Dining Hall Waste Made Sustainable Through Compost and Food Rescue

You see a new dish at the dining hall that looks good so you take a serving, bring it back to your table, sit down, take a bite—and you don’t like it. To many, this is a familiar story, and a seemingly
inconsequential one at our all-you-can-eat dining facilities. You’ll put your
plate on the dish return belt and try something else, forgetting about what has
just become classified as food waste.

The Food and Agriculture Organization of the United Nations estimated in 2013 that 1.3 billion tons of food is wasted each year. Food waste falls into three categories: Post-production food waste is left over after meals; pre-production food
waste refers to waste generated in the preparation of food, such as vegetable
peels or egg shells; and excess prepared food is food
that has been prepared for consumption but is never served.

To counter the problem of food waste, 5C students and dining halls alike, often collaboratively, have made systematic changes to increase
sustainability through composting and food rescue programs.

Every dining hall across the Claremont Colleges composts or is working toward composting in
some form. Composting refers to any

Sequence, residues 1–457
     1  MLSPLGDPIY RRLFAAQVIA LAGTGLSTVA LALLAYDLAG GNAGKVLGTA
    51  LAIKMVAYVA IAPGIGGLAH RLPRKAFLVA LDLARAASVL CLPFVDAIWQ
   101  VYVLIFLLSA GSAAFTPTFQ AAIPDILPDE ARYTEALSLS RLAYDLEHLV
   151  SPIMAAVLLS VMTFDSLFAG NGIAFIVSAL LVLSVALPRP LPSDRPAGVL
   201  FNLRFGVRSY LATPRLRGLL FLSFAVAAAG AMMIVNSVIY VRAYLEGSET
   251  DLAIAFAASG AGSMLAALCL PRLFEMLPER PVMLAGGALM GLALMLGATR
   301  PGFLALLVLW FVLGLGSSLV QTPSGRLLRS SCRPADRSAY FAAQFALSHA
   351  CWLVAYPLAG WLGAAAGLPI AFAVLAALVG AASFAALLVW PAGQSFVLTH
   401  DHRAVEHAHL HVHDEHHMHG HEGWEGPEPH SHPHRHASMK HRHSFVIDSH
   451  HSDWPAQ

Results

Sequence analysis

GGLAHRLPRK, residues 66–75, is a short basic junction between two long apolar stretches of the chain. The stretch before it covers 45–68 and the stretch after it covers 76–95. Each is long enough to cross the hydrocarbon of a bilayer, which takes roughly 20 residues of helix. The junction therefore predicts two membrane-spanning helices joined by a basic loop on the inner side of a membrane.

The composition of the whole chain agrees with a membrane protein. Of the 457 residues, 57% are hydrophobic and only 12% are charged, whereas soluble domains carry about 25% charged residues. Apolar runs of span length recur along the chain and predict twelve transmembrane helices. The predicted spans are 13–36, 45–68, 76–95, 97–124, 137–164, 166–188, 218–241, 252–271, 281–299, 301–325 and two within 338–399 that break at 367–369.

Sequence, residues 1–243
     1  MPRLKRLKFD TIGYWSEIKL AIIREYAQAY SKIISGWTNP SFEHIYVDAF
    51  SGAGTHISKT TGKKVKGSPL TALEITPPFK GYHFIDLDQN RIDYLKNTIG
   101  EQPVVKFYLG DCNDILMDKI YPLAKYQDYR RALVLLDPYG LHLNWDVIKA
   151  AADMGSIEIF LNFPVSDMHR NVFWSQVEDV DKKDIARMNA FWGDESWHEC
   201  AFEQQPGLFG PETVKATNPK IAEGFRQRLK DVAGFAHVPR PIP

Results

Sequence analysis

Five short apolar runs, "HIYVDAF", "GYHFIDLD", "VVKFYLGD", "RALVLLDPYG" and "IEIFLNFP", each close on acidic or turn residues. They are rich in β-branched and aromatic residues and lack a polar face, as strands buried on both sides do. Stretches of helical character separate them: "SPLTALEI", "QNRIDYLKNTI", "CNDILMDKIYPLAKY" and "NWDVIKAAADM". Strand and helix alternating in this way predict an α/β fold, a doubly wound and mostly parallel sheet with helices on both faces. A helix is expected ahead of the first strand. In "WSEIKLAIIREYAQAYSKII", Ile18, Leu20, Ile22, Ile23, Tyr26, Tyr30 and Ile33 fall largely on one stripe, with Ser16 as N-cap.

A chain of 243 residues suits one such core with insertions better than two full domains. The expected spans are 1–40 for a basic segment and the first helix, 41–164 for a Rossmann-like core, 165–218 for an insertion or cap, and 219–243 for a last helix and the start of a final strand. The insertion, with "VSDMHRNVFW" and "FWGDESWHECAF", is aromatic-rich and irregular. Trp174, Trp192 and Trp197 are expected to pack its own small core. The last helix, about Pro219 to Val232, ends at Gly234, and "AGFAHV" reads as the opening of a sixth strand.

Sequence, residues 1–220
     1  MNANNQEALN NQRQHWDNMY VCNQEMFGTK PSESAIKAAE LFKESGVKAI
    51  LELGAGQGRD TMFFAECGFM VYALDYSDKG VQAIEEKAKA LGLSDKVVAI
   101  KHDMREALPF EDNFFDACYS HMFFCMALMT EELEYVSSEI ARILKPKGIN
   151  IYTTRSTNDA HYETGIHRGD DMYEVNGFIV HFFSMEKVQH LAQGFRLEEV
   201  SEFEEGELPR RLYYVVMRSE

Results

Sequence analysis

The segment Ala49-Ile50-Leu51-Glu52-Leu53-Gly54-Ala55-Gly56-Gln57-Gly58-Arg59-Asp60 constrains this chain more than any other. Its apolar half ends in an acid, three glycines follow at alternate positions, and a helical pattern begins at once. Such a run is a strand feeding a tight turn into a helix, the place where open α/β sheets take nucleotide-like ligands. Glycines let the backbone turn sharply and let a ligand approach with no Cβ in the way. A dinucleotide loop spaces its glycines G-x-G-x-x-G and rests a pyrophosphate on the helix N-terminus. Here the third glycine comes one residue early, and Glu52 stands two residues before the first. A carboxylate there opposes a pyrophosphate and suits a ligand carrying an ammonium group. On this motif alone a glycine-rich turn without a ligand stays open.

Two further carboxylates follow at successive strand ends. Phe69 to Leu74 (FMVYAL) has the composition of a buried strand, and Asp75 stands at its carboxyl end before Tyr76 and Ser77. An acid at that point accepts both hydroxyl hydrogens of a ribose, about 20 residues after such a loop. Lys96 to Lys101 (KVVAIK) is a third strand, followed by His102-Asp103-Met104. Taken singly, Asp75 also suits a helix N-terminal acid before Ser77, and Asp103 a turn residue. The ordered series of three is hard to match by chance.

process used to decompose food scraps and other green matter into soil, which typically accelerates the breakdown of this organic waste in
one way or another.

Pomona College dining halls, which compost both post- and pre-production scraps, are the only dining halls at which diners can separate their compost before returning their dishes.

While Pitzer College used to compost post-production food waste, food separated by diners before they return their dishes is no longer composted.

Cindy Bennington, the general manager of McConnell Dining Hall, said that it is “tough with the volume that we do to do the separation.”

However, Pitzer still composts pre-production food scraps, donating them twice weekly to a garden run by the Pitzer in Ontario program. 

Bennington said that they intend to increase the program’s activity level, but have run into challenges with labor resources, transportation, and storage. 

Compost from Malott Commons at Scripps College also travels outside of the 5Cs. The Plant Justice garden at San Antonio High School, located just a couple miles from campus, uses food scraps from Malott to supplement their own in their compost, which they use to fertilize their garden. 

Collins Dining Hall at Claremont McKenna College recently purchased composting machines. These machines live behind the ever-rotating line of trays in Collins and are fed both pre- and post-production food waste. They can break down food into usable compost in less than a day, and the product is used in CMC campus landscaping. 

At Hoch-Shanahan Dining Hall at Harvey Mudd College, a composting system has yet to be implemented, but one is currently in the works.